Humans possess a number of mechanisms that provide protection against a multitude of pathogens, such as viruses, bacteria and parasites. Unfortunately, there are instances when the immune system that monitors and disposes of pathogens can react to an individual’s own cells. This aberrant response is known as autoimmunity and can lead to the development of autoimmune disease. More than 80 autoimmune diseases are known to exist and include rheumatoid arthritis, inflammatory bowel disease and type 1 diabetes (T1D), to name a few.
In T1D, an individual’s immune cells destroy the beta cells of the pancreas. Beta cells are responsible for the production and secretion of insulin, a hormone that allows the body to use or store glucose from foods. People with T1D suffer from high blood glucose that can result in blindness, kidney failure, nerve damage, heart attack, stroke and in extreme cases can lead to coma and death. The only treatment available is insulin therapy through injection or continuous infusion with a pump; however, insulin treatment does not cure the disease or necessarily prevent the onset of other health effects associated with T1D. It is estimated that as many as three million Americans may have T1D and must be diligent in the lifelong management of the disease.
The exact etiology in the development of autoimmune diseases like T1D remains unclear, but research indicates that certain alleles of a cell surface protein, MHC-II in non-human vertebrates and HLA-D in humans, that recognizes foreign antigens may play a pivotal role in the development of autoimmunity. To study the role of MHC-II in the development of T1D, researchers at Harvard Medical School utilized a mouse model of diabetes and published their findings in Proceedings of the National Academy of Sciences.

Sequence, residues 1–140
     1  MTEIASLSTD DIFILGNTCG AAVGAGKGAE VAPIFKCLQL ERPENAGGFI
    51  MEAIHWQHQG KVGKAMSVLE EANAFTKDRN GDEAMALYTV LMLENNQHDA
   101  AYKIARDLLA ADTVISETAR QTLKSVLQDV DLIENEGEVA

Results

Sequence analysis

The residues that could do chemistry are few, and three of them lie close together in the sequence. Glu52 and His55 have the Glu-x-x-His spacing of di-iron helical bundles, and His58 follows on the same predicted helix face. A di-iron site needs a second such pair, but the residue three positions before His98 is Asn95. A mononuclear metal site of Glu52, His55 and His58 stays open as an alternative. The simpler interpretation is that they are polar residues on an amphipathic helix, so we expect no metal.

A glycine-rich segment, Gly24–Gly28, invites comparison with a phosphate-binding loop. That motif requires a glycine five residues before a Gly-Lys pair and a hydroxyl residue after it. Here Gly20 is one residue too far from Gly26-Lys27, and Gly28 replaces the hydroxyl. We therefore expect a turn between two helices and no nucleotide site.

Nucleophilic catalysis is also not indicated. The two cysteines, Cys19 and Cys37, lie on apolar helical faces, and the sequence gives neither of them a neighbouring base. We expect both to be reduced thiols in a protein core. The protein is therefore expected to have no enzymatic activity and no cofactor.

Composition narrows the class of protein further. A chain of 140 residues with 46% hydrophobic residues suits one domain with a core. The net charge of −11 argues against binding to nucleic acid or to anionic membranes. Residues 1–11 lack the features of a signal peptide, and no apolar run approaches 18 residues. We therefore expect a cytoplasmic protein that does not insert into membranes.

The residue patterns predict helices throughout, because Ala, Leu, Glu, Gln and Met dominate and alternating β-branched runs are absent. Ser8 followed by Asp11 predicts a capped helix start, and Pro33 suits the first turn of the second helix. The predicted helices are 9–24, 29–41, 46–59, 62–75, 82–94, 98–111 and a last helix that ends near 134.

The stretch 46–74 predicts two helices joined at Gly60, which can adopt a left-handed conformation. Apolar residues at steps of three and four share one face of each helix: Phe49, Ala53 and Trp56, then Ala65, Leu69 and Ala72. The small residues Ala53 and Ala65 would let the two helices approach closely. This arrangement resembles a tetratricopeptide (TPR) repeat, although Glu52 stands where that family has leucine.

Mice with altered gut bacteria develop diabetes
Nonobese diabetic (NOD) mice were used as a model of spontaneous T1D; however, NOD mice expressing a variant of MHC-II (Eα16/NOD) were protected from the development of diabetes, a trait that was passed on to their offspring. Alterations to the gut microbiota are known to increase susceptibility to diseases as these bacteria are critical in maintaining immune homeostasis within the body. The researchers examined the effects of altered gut microbiota by treating mice with antibiotics at different stages of life and by preventing the development of the gut microbiota by raising mice in germ-free conditions. The previously non-diabetic Eα16/NOD mice developed inflammation of the pancreas, a precursor to diabetes, when treated with antibiotics early in life or when housed in germ-free conditions. Offspring whose mothers were dosed with antibiotics during pregnancy also developed pancreatic inflammation. These results indicate that the early development of the intestinal microbiota plays a critical role in regulating the development of diabetes. Genomic and proteomic analysis of the intestinal microbiota of NOD mice and Eα16/NOD mice raised in the various conditions demonstrated significant differences in the intestinal microbiota. Further, the transfer of intestinal bacteria from non-diabetic Eα16/NOD mice to NOD mice suppressed the development of diabetes.
These findings indicate that changes in the intestinal microbiota may precipitate the development of diabetes, especially when perturbations occur in early life. Clinically, medical professionals may want to rethink the use of antibiotics in infants and pregnant women as well as include treatments that work to maintain the balance of the gut bacteria.